It’s a theme that has come up time and time again during my career: great ideas can come from anywhere, so if Johnny the Janitor happens to be passing your layout on his way to repairing the fourth floor bogs, and he suggests your endline might be better if you changed it from ‘Just Do Everything’ to ‘Just Do It’, then whoopee! Problem solved! Thanks, Johnny!
I’ve actually had this kind of thing happen on campaigns I’ve CD-ed. In recent years a lady from business affairs suggested a script idea that I thought was very good, so we put it in the mix alongside the work from the actual creatives and presented it up the chain. It didn’t survive to production, but that was fine – work can serve other purposes, such as showing the scope of your thinking, making other, scarier scripts seem safer, or providing the basis of a constructive conversation with the client.
But what would have happened if that script had made it to the very end? Would the lady from BA, with zero experience of choosing a director, writing an endline or running a VO session, take the role of creative during production? I think that would have been something of a disaster. Would she have returned to her department with a big pat on the back? Definitely. But what if she’d wanted to make more of those contributions, then learn the other aspects of the job of ‘creative’? Well, as the link above suggests, eventually she’d become a creative.
This is like those refutations of homeopathy or faith healing: if they really worked, that is if they passed the same degree of scrutiny as proper medicine, then it they would cease to live under those alternative names and would simply become ‘medicine’. So the non-creative who makes the contribution of a creative, that is consistently comes up with winning ideas right through to the final delivery of the ad, then they become a creative (if that’s what they want to do). And with the best will in the world, they’ll probably end up more valuable to the agency than if they stayed in BA.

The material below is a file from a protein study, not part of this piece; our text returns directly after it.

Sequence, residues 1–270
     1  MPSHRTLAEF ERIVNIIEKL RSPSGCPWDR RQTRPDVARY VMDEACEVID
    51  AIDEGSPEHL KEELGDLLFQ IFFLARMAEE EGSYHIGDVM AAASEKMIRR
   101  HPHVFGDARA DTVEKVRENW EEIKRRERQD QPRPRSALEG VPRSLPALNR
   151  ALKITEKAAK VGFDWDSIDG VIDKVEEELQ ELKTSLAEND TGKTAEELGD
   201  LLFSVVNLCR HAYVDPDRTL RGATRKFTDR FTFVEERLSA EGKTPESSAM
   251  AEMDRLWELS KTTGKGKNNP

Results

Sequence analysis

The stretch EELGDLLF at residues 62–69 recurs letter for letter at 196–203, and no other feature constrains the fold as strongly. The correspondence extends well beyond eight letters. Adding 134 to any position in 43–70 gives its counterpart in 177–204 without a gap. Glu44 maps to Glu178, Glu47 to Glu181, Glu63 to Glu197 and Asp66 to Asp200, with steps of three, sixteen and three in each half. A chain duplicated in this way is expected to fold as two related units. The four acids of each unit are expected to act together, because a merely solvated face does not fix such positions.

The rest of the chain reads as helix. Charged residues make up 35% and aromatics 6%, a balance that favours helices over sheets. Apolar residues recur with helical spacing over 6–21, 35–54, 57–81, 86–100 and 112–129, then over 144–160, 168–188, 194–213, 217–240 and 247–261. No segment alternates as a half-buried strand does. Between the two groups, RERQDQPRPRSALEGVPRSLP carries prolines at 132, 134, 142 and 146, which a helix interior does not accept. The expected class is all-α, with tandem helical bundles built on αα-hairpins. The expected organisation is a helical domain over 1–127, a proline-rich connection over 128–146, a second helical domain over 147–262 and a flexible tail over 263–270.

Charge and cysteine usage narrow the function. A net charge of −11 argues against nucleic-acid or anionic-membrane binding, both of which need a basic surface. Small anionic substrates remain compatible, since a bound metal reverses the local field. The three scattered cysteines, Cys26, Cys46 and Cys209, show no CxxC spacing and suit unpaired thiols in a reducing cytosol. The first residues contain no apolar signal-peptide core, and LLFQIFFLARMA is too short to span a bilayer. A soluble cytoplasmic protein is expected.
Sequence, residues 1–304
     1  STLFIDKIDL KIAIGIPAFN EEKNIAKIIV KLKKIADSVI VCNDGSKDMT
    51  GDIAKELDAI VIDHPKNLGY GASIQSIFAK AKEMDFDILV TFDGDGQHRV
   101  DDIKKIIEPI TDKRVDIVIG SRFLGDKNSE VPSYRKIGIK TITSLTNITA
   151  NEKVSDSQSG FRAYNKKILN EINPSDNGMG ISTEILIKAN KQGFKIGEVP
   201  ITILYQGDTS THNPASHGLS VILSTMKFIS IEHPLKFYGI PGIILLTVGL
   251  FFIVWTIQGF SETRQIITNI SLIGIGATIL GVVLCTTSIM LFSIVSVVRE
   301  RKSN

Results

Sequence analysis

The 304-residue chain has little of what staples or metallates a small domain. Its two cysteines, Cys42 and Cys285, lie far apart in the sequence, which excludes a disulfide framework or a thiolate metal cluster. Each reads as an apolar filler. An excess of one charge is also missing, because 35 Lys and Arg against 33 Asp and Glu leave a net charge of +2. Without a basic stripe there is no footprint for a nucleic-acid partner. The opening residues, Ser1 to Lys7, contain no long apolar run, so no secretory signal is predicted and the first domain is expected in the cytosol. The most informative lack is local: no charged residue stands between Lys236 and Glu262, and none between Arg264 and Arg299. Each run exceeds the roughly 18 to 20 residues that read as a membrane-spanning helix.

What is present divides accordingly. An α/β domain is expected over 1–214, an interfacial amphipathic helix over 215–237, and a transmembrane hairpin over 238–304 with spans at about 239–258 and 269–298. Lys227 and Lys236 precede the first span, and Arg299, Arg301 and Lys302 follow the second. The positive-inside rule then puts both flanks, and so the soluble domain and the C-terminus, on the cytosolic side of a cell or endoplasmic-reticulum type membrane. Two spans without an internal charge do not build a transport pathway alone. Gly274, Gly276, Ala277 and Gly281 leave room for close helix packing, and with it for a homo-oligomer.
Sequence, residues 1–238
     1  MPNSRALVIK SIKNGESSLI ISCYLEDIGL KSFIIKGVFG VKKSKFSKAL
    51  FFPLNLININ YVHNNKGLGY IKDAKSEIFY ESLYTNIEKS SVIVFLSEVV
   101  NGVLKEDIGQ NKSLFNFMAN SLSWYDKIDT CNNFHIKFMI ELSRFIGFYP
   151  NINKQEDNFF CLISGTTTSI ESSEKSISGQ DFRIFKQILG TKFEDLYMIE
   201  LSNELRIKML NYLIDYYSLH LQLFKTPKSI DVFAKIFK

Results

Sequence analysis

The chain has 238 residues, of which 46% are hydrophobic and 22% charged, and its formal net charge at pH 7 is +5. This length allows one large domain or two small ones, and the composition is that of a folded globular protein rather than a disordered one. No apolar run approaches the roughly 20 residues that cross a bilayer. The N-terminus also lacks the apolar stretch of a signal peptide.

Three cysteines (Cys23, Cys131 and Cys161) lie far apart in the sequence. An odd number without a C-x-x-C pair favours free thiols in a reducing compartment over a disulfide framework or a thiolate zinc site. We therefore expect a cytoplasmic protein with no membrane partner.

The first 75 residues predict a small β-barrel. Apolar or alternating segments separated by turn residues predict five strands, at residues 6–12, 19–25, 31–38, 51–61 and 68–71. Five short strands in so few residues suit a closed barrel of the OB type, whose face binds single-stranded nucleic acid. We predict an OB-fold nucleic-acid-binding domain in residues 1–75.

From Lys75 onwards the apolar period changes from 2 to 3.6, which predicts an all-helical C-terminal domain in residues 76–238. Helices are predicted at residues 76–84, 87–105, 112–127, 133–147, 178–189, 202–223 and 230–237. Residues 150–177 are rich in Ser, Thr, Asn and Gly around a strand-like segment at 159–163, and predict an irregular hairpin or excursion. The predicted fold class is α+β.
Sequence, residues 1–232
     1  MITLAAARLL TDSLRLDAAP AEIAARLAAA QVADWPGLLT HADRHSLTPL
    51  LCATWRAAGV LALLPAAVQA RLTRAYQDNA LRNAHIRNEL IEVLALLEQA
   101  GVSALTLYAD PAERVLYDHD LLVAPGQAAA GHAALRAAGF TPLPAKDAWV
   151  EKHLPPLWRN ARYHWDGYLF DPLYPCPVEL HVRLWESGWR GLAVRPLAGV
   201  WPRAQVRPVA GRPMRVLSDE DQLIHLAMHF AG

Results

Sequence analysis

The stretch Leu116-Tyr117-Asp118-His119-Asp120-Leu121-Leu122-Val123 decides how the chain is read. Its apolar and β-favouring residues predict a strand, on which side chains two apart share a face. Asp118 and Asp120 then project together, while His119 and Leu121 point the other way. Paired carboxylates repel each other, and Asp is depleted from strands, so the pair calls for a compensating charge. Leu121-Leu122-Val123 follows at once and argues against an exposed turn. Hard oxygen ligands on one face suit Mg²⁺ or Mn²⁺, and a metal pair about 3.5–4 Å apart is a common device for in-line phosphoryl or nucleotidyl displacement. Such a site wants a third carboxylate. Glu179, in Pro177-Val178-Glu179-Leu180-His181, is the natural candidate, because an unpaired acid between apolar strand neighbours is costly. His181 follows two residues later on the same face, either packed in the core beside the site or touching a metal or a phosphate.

But as the above article mentions, planners have been suggesting that they make contributions to the areas that are normally the remit of the creative (choosing music, commenting on the edit etc.). I don’t see why they or anyone should feel unable to speak up about an element of an ad that excites or bothers them. It may be a matter of finding the right time and place to make those comments, and the final say really needs to lie with a Creative Director, but the idea that everyone in the room should just keep their thoughts to themselves seems a bit odd. After all, in the end the public will judge the work, and everyone in an agency is a member of the public. Of course, it can’t be an unrestricted free-for-all, or you’d never get any work done, but if you hire intelligent people and work out at which stage of the process it would be best for them to contribute, then welcome those contributions.
On a slightly related note, I wonder how many of you have experienced the phenomenon of the person in another department who wishes to become a creative. Having experienced this myself as CD, I’ve been very happy for possible creatives to join from account management or planning. As in the example above, if they can prove themselves to be as effective as a ‘real’ creative then why shouldn’t they become a ‘real’ creative? Funny though that the wish to move departments never seems to happen in the other direction…
So if you can do the job of a creative, you’re a creative. If you can run round Aintree at 30 mph, you’re probably a horse. And if you can provide warmth and shelter for hundreds of people, you might be a building. Simple, innit?